Immune Pharma starts major R&D restructure, CEO jumps ship to spinoff

CEO Daniel Teper will take up the chief's role at cancer-focused Cytovia.

Daniel Teper, Pharm.D., has stepped down immediately as CEO of New York biotech Immune Pharma as he looks to head up its new oncology spinoff. 

The micro-cap, Nasdaq-listed biotech saw its shares tumble nearly 10% first thing after announcing the raft of changes, primary of which is to see its subsidiary, Cytovia, spun off into a separate, stand-alone company that will no longer be connected to Immune.

Teper is leaving to head up Cytovia, which will work on immuno-oncology and hematology meds, led by Ceplene, an immunotherapy treatment in late-stage development in combination with low-dose interleukin 2 for the remission maintenance of patients with acute myeloid leukemia.

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It will also focus on Azixa and crolibulin, two phase 2 candidates that are designed to be used in combo with I-O drugs, and a bispecific antibody platform “to be supported by collaborative partnerships.”

Board member Elliot Maza, J.D., C.P.A., will serve as CEO until a permanent replacement is found.

This comes a few weeks after a reverse split for the biotech as it looked to regain compliance with the $1 minimum bid price requirement for continued listing on Nasdaq. It had until May 1 to do this.

Meanwhile, Monica Luchi, M.D., EVP of global drug development and CMO, becomes president of Immune’s inflammatory disease and dermatology division. Under Maza and Luchi, Immune says it will “focus its business on immuno-inflammation in general, and immuno-dermatology in particular, by developing its core asset, bertilimumab, a first in class human monoclonal antibody in phase 2 development in bullous pemphigoid and ulcerative colitis and with application for severe atopic dermatitis.”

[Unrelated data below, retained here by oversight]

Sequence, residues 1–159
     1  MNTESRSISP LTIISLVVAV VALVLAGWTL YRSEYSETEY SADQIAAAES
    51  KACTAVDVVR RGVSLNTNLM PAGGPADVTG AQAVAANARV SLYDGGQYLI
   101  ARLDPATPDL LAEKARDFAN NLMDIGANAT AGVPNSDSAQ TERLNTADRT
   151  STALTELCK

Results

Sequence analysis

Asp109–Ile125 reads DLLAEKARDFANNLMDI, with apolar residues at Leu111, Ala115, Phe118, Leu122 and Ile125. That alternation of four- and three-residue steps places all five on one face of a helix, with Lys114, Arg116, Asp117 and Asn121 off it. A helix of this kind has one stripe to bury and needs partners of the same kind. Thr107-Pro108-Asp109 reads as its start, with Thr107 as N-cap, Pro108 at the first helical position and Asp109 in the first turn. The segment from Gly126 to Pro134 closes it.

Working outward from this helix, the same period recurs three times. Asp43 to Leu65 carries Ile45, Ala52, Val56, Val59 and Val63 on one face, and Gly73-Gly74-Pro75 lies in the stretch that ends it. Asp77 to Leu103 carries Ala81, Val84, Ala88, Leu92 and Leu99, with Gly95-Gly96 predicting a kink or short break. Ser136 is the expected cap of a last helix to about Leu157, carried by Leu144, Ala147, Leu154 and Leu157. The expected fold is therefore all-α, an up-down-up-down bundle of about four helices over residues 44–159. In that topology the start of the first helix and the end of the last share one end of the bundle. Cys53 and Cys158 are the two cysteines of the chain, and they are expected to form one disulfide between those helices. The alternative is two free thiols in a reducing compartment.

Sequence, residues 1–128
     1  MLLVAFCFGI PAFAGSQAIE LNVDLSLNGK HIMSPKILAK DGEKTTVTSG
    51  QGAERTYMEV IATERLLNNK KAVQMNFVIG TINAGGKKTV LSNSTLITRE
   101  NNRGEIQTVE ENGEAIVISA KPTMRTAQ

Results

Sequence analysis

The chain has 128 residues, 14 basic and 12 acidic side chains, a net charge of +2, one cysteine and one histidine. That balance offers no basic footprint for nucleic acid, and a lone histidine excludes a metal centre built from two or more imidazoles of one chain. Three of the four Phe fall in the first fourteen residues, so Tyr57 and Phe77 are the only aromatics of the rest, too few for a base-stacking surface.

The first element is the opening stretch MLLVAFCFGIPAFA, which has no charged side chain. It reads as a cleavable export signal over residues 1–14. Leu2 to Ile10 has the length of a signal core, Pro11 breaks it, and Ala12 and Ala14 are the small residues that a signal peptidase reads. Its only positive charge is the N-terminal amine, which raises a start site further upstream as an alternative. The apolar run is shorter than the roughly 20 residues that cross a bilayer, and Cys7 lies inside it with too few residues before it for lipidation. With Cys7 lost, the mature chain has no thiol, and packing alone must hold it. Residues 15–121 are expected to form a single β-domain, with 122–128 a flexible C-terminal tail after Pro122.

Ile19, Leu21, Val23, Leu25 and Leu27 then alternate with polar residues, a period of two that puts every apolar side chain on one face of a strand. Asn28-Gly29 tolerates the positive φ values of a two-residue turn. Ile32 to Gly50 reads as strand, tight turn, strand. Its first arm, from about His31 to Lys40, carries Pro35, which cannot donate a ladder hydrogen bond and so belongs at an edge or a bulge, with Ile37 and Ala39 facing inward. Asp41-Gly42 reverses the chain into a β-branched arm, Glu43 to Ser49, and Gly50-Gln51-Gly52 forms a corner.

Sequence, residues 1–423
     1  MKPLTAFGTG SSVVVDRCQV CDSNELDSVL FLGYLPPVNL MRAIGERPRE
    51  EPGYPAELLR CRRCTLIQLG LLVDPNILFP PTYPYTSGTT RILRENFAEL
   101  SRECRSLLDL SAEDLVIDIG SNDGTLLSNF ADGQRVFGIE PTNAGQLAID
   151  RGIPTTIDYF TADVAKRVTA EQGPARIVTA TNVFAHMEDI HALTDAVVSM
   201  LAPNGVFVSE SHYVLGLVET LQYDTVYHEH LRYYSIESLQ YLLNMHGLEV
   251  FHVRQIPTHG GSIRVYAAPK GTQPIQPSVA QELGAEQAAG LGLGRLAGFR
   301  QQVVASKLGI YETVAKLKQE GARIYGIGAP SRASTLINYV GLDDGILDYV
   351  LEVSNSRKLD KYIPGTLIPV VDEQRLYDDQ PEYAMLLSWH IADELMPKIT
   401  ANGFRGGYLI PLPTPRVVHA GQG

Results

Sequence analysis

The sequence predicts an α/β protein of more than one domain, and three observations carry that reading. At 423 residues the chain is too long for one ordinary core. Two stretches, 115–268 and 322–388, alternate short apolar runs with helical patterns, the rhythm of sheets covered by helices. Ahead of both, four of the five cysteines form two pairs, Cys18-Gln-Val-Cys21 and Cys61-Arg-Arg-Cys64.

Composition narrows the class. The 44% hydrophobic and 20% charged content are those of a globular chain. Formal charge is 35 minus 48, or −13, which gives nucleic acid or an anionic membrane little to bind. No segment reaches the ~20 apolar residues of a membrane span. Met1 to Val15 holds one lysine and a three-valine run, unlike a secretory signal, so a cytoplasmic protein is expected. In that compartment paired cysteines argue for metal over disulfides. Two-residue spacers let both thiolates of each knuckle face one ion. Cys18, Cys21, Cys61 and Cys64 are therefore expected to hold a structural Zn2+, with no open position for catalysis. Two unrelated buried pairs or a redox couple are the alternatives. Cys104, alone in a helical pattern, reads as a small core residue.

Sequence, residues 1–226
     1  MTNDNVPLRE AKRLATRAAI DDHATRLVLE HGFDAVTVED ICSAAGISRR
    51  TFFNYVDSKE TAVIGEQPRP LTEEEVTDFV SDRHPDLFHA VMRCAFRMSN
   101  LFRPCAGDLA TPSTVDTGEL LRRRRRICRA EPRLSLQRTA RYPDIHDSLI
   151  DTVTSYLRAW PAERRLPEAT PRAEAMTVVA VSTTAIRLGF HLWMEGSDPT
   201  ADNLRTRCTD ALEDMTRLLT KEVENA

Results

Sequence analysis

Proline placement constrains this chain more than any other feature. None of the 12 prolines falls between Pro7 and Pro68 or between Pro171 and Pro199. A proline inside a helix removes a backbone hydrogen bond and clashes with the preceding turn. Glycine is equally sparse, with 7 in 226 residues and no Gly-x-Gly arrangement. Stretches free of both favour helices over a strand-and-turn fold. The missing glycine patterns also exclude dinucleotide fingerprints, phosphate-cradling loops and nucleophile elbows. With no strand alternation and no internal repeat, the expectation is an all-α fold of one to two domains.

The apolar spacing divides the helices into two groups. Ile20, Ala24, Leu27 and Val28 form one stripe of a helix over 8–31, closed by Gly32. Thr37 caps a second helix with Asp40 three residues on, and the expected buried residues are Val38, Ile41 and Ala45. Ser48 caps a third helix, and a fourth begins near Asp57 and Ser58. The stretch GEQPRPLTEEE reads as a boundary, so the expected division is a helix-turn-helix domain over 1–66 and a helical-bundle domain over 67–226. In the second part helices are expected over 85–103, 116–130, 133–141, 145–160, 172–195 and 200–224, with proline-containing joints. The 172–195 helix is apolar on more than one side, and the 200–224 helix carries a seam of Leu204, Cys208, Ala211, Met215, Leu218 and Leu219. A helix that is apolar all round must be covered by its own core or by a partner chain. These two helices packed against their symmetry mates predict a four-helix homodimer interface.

The biotech added that it will also continue work on topical nanocyclosporine in atopic dermatitis and moderate psoriasis. The split essentially sees Immune become focused on autoimmune and inflammation R&D, with Cytovia working on cancer projects.

Immune says this is a positive as it allows current Immune investors to benefit from “two distinct investment opportunities through proportional receipt of shares in Cytovia,” and also allows Cytovia to “target new investors attracted to its specific oncology business profile and pursue distinct capital structures and capital allocation strategies.”

Why the change? The need for “prioritizing and segregating” its research and development efforts and “strengthening its financial position.”

Teper said: “The proposed restructuring strategy recognizes that our two operating divisions have evolved into distinct business and investment opportunities. The potential Cytovia spinoff will establish each division as a separate company with a focused strategy and will enable each company to enhance its business focus, better align its resources to achieve strategic priorities, target investors attracted to its unique business profile, and ultimately unlock significant value for both companies.”

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